ClearCube, VMware Partner on Virtualized Desktops

ClearCube is developing a new PC blade virtualization product for VMware's Virtual Desktop Infrastructure, software that allows users to deploy virtualization technology across an enterprise's entire fleet of PCs.

ClearCube, a developer of hardware and management software for blade-based computing environments, is strengthening its ties with virtualization giant VMware.

When ClearCube launched the updated 5.5 version of its Sentral management software April 9, the Austin, Texas, company announced that it was supporting VMwares ESX Server 3 along with VMware Server virtualization software.

Now, starting May 24, ClearCube is looking to offer a blade-based computing system that will support VMwares VDI (Virtual Desktop Infrastructure)—software that allows users to deploy virtualization technology across an enterprises entire fleet of PCs—which will allow users to support between 12 and 15 virtual machines on each physical blade.

This agreement allows ClearCube to start selling VDI licenses along with its R2200 PC blade and the 5.5 version of its Sentral software, which had been in beta and is now generally available, said Tom Josefy, ClearCubes director of product management.

"Right now, there is no other PC blade manufacturer that is able to support both ESX and give its users the ability to create virtualized desktops," Josefy said.

/zimages/3/28571.gifClick here to read more about desktop virtualization.

The notion of using technology such as PC blades and thin clients to create virtualized desktop environments is starting to come into its own. Part of this is driven by companies such as ClearCube, NEC and IBM, which have begun offering products to centrally control desktops, operating systems and applications from the data center.

The other half of the equation is driven by VMware and other companies that have started to expand virtualization software from servers to desktops. A Gartner report released May 8 found that by 2009 there could be more than 4 million virtual machines deployed worldwide and that the use of desktop virtualization has even greater potential than server virtualization.

To help foster the idea of a virtualized desktop environment, VMware launched its own Virtual Desktop Infrastructure Alliance in 2006. ClearCube was one of the first OEMs to sign on.

The system that ClearCube has developed allows IT managers to monitor and control both physical and virtual machines from a single console. It also allows managers to "drag and drop" virtual machines from one blade to another, as well as allowing administrators to set policies that enable workloads to shift from one physical machine to another as needed throughout the day.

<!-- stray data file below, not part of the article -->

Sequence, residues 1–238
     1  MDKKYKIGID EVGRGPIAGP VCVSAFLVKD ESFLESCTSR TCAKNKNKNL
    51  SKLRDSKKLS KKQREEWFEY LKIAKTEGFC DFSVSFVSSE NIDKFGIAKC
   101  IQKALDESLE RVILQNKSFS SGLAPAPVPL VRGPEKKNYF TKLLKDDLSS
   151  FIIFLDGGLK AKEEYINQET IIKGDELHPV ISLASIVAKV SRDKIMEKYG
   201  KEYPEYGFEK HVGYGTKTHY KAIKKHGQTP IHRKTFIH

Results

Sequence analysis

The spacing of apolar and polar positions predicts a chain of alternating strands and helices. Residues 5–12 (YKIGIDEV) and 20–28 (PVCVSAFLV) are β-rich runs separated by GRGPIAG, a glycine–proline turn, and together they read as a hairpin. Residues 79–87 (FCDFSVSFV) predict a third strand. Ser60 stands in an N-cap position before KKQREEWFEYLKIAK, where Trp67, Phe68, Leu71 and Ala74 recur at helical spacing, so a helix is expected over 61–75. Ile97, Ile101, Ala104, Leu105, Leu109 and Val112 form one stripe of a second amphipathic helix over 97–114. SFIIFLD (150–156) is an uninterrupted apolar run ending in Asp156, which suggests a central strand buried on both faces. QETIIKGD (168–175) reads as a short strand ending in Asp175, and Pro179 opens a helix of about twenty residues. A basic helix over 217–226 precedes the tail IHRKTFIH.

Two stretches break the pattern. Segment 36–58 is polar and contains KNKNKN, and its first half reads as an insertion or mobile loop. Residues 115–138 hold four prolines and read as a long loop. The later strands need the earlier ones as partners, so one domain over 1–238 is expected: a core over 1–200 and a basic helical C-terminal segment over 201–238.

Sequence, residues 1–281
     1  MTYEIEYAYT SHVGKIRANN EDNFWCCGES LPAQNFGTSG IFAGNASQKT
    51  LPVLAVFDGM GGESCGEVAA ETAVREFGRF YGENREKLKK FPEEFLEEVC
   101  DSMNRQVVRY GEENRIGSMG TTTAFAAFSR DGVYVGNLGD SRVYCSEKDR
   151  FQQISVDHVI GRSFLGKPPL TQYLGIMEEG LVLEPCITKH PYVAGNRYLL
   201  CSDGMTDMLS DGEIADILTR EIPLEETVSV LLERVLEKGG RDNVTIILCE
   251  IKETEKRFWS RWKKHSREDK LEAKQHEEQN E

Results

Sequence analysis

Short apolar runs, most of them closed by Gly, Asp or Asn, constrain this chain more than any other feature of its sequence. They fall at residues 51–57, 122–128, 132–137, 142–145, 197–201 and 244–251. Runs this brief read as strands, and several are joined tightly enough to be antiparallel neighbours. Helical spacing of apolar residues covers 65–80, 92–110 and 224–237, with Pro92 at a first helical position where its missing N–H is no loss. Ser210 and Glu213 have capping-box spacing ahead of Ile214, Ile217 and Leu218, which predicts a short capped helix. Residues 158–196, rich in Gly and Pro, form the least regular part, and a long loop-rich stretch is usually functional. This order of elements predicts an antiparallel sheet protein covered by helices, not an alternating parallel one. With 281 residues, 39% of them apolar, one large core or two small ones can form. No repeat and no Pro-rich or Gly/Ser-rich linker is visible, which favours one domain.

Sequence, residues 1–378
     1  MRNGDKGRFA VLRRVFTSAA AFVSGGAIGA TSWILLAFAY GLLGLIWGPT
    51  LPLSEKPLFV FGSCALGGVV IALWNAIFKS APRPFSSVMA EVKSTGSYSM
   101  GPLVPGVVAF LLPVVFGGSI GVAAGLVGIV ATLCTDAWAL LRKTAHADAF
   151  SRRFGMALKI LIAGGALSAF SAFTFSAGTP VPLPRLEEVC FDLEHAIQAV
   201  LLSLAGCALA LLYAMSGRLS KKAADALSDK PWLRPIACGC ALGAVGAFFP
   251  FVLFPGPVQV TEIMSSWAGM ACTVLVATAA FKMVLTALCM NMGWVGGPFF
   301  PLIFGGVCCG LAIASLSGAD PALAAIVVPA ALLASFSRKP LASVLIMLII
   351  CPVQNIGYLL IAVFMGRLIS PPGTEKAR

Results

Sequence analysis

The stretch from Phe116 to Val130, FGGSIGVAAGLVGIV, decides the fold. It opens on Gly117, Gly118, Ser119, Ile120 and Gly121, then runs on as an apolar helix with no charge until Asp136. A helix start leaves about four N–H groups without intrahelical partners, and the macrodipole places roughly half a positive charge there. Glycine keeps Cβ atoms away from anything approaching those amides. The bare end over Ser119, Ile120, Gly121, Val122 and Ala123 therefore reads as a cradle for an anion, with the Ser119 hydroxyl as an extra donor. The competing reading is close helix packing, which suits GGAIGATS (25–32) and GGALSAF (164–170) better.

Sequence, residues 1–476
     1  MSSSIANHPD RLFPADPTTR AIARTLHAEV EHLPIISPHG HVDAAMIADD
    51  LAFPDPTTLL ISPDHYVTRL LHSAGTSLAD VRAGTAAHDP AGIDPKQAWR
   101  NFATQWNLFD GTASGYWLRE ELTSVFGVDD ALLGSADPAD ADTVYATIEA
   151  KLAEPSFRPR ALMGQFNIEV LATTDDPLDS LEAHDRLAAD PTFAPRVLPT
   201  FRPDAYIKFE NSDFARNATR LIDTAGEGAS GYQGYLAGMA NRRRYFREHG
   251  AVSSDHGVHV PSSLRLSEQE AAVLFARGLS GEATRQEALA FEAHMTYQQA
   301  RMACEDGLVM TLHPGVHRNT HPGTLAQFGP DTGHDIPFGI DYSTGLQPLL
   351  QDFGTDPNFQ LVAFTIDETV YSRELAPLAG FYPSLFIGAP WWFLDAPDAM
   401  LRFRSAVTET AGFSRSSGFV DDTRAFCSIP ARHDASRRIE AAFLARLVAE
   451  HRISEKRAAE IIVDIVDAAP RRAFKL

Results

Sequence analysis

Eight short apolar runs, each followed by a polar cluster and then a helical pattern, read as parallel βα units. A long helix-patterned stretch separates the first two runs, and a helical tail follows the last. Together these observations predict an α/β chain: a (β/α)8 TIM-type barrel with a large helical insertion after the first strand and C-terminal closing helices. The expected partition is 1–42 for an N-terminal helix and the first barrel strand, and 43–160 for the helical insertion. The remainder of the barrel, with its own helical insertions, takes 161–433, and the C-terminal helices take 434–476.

"It allows the user to both scale up and scale down during the day, and this also allows for some energy savings," Josefy said.

For now, ClearCube will only sell the VMware VDI software with its R2200 blade, which uses an Intel dual-core Xeon processor and has up to 8GB of DDR2 (double data rate) RAM. While that system is the only PC blade certified by VMware, Josefy said the company is planning to expand the offering to other systems later. ClearCube has not yet set pricing.

/zimages/3/28571.gifClick here to read about IBMs server-based computing.

While ClearCubes channel partners will sell the VDI licenses, users will have to use an activation code from VMware to download the latest version of the software from the companys Web site.

Josefy said that he expects the combination of PC blades, management software and the VDI software to appeal to specific verticals, such as health care and financial services, at first and the spread out to a much broader enterprise audience.

Roger Kay, an analyst with Endpoint Technology Associates, said that there is a market for these types of PC blade products. The economics of using PC blades, he added, become even more attractive when virtualization is added in and end users can get more mileage out of a single, physical system.

One of the only drawbacks, Kay said, is making sure the operating system licenses with Microsoft are settled when the system is installed.

"The idea of multiple clients attached to a single blade is a very interesting proposition as long as the agreement squares with Microsoft and its licensing of the client OS," Kay said.

/zimages/3/28571.gifCheck out eWEEK.coms for the latest news, views and analysis on servers, switches and networking protocols for the enterprise and small businesses.